New network promises campus-wide, faster wireless coverage

An upgrade to Tech’s network infrastructure should address many of the complaints of slow connections and increase network speed drastically.The upgrades, funded with federal stimulus money, are tentatively scheduled to begin in May 2010. The wired connections are scheduled to be finished by May of the following year, while the wireless connections should take less time.

“We’re going to increase the raw speed to the buildings by a power of 10,” Jerry Boyd, assistant director of campus Information Technology Services said.

The upgrade will bring the typical network speed to any one of the buildings from 100 megabits per second to one gigabit per second on the wired connections and 54 megabits per second to 130 megabits per second for wireless.

The new network infrastructure will not only speed up Internet connections, but will allow for technologies such as voice over Internet protocol, video conferencing, and medical imaging.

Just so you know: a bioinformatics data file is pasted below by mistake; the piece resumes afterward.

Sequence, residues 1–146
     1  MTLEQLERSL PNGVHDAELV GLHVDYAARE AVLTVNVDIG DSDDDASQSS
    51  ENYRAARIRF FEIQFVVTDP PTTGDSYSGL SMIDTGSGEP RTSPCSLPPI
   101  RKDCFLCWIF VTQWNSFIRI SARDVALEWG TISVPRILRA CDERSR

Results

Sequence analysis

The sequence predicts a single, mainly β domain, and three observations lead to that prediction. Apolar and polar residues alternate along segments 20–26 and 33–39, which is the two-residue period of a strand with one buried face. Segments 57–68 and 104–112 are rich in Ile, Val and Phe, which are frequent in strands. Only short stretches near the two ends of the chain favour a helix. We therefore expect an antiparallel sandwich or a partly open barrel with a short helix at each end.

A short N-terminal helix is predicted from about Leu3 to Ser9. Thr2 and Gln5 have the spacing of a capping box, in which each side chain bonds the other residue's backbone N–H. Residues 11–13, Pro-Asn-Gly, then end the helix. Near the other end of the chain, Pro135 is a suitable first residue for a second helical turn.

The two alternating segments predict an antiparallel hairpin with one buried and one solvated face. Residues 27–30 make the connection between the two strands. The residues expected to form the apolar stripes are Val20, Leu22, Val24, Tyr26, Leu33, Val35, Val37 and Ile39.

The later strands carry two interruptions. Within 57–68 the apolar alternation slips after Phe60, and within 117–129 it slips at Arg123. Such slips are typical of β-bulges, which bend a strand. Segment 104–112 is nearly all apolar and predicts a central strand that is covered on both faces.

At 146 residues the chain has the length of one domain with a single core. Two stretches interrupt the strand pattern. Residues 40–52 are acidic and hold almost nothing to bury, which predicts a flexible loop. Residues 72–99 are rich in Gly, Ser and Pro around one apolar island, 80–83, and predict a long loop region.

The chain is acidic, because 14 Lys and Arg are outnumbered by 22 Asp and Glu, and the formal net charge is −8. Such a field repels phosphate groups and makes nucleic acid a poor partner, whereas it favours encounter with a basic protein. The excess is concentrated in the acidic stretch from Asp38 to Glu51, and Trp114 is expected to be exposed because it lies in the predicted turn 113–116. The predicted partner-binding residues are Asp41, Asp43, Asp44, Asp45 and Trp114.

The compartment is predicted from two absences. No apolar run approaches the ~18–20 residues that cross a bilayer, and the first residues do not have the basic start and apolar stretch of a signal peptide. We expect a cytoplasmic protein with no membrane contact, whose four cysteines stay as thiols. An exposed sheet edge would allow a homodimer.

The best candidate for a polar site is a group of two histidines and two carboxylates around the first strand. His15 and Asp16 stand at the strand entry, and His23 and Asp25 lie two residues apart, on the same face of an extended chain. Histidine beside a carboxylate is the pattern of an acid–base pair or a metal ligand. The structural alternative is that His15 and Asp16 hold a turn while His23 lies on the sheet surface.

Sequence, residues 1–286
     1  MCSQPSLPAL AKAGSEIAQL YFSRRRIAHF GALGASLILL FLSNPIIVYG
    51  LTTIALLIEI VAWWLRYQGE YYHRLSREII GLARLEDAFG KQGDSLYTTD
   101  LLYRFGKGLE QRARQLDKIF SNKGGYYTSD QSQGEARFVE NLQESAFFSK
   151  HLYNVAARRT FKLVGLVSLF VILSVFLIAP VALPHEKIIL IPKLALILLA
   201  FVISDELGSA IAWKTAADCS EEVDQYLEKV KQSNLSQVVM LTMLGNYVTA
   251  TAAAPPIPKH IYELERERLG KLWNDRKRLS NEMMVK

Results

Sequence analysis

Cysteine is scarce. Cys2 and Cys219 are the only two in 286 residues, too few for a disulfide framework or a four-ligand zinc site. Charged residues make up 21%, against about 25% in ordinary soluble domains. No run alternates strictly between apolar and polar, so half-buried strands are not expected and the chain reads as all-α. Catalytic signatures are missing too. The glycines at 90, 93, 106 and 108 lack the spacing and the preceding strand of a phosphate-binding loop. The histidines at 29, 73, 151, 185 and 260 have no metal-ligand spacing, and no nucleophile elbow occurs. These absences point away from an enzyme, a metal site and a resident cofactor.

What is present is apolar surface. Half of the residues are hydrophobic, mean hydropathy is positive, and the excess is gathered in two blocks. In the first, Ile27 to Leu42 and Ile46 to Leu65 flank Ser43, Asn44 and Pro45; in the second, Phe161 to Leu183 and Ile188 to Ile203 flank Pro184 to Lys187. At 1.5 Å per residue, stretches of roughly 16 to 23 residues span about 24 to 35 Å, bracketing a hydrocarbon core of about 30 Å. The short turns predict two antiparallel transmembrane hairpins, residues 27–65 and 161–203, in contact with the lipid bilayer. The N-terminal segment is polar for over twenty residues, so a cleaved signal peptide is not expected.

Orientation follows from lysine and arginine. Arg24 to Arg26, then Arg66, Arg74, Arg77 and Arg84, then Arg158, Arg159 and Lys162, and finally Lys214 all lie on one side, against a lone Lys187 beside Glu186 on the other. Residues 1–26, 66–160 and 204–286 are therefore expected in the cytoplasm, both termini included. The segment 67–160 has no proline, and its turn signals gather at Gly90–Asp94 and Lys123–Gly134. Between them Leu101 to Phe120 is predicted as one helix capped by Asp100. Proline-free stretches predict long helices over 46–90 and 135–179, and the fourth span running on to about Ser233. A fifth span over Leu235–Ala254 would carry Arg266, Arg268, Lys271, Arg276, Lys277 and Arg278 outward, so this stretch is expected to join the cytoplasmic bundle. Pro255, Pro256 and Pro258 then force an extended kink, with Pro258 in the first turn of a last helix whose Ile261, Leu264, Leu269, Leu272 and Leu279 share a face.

Revamping the wired connections will involve changing out all the data switches in Clement Hall, as well as replacing the copper and fiber infrastructures amongst all the buildings. The switch will be made to accommodate even faster network speed in the future.

The wireless network, in addition to increasing in speed, will also increase in range, covering most of Tech’s campus inside and out. While there are currently a limited number of wireless hotspots, none of which are in the residence halls, the new wireless network is expected to be much more far-reaching.

There will also be a number of new systems put into place that will ensure that the upgraded network will live up to its speedy potential. New network access controls will be implemented, so that when a person connects to the network, their computer will be checked for the most recent anti-virus software and operating system patches.

There will also be a new bandwidth-shaping device in place, which will shape traffic according to ITS’ policies to make sure no one person or group can take up too much bandwidth.

The replacement of the old network technology is projected to cost about $6.16 million from the $10 million stimulus. Other projects funded by the stimulus include IT support for distance learning, ITS for learning villages, a regional economic development operations center, and a learning commons on the first floor of the Angelo and Jennette Volpe Library.